We have a new paper accepted to the 2014 Conference on Uncertainty in Artificial Intelligence (UAI) to be held in July 2014 in Quebec, Canada. It is a joint work with Iñaki Iturrate (EPFL) and Luis Montesano (Univ. Zaragoza).
Abstract: Interactive learning deals with the problem of learning and solving tasks using human instructions. It is common in human-robot interaction, tutoring systems, and in human-computer interfaces such as brain-computer ones. In most cases, learning these tasks is possible because the signals are predefined or an ad-hoc calibration procedure allows to map signals to specific meanings. In this paper, we address the problem of simultaneously solving a task under human feedback and learning the associated meanings of the feedback signals. This has important practical application since the user can start controlling a device from scratch, without the need of an expert to define the meaning of signals or carrying out a calibration phase. The paper proposes an algorithm that simultaneously assign meanings to signals while solving a sequential task under the assumption that both, human and machine, share the same a priori on the possible instruction meanings and the possible tasks. Furthermore, we show using synthetic and real EEG data from a brain-computer interface that taking into account the uncertainty of the task and the signal is necessary for the machine to actively plan how to solve the task efficiently.
We have a new paper accepted to the 2014 AAAI Conference on Artificial Intelligence to be held in July 2014 in Quebec, Canada. We present a method allowing a user to instruct a new task to an agent by mentally assessing the agent’s actions and without any calibration procedure. It is a joint work with Iñaki Iturrate (EPFL) and Luis Montesano (Univ. Zaragoza).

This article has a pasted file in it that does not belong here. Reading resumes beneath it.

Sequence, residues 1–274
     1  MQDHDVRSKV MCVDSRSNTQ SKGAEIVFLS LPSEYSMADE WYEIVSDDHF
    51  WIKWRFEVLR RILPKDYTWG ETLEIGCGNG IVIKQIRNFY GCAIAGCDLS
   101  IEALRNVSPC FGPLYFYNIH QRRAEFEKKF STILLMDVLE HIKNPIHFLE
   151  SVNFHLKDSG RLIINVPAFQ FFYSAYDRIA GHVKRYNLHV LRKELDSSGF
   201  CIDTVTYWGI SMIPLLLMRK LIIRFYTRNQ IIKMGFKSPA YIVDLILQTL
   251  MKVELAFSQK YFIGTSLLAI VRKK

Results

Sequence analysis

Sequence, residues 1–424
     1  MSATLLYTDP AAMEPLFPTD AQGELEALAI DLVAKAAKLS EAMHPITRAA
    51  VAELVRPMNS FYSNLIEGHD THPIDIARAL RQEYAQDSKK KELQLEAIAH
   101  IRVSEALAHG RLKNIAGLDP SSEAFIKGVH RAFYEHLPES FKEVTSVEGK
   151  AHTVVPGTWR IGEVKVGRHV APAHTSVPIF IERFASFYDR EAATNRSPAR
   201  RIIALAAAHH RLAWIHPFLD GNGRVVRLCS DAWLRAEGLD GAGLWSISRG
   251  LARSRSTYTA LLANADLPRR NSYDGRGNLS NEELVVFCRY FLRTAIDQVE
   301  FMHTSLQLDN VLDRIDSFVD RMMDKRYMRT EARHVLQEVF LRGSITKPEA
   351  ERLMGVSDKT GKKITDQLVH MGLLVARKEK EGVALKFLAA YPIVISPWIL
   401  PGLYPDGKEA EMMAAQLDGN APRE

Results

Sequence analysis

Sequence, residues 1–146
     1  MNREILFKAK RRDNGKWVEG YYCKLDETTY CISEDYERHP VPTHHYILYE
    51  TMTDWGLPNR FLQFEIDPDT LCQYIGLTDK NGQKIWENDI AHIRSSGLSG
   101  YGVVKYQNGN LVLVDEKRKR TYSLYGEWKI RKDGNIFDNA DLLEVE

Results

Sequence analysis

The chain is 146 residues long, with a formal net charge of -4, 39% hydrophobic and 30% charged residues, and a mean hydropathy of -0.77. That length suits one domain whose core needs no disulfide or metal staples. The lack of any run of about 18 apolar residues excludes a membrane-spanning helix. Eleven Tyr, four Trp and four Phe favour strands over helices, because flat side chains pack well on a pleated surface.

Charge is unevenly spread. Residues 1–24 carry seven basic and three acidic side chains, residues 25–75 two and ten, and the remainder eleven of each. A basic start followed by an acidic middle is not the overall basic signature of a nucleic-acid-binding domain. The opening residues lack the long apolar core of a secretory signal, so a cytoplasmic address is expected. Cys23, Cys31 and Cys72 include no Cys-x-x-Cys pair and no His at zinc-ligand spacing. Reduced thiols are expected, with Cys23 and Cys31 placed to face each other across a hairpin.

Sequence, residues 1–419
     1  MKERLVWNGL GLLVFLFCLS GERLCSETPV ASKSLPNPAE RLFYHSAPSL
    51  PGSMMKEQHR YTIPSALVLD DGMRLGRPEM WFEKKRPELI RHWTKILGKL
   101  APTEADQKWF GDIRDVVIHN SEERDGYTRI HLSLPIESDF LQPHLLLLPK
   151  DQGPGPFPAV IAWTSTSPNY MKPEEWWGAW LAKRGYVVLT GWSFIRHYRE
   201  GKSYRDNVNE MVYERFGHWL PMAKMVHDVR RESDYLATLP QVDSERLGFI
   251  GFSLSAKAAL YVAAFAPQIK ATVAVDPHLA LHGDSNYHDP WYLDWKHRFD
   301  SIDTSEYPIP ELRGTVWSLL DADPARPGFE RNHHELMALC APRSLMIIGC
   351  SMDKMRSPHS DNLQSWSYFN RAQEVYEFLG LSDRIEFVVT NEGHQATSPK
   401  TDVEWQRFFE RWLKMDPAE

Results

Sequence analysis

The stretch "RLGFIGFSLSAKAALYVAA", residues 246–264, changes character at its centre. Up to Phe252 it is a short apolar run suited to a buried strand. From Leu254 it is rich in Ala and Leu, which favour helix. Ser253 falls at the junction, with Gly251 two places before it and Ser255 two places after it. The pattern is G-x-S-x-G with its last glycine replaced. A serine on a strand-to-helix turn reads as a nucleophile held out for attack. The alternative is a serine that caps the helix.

Each month, I collect interesting stories related to the scientific interest of the team, in science, robotics, and education. Here are the highlights of February.
Scientists have observed a curious trend that seems to affect their research. They first publish a result about a brand new observed effect, that they conclusively prove. Then other studies of the phenomenon come from other scientists, largely corroborating the new idea. But then, the effect observed looses in strength as the years and studies pile on. The authors of the original research themselves find themselves unable to replicate their original findings, despite the apparent absence of errors in methodology in the original article. Jonathan Schooler, victim of the phenomenon, termed the effect “cosmic habituation”, as if nature was habituating to scientist ideas over time. This draw a somber and sobering picture of the effect the scientist has on its data.
The problem of bad published results is beginning to dawn enough on scientists that some of them are organising. John Ioannidis in particular, author of the 2005 article “Why most published research findings are false”, worked to develop meta-research, or research about research, and is launching the Meta-Research Innovation Centre at Stanford next month.
The Economist article:
Journal article “Why most published research findings are false”: